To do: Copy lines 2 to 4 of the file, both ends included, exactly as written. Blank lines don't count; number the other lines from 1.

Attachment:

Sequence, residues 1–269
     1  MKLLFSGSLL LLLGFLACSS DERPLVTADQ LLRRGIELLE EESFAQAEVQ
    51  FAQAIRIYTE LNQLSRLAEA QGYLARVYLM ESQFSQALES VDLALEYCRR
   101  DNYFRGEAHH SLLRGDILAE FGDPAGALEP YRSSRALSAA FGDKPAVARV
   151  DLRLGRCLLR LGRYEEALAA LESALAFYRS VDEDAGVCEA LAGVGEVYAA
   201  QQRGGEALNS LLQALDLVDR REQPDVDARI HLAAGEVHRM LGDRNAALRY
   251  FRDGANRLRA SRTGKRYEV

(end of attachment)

     1  MKLLFSGSLL LLLGFLACSS DERPLVTADQ LLRRGIELLE EESFAQAEVQ
    51  FAQAIRIYTE LNQLSRLAEA QGYLARVYLM ESQFSQALES VDLALEYCRR
   101  DNYFRGEAHH SLLRGDILAE FGDPAGALEP YRSSRALSAA FGDKPAVARV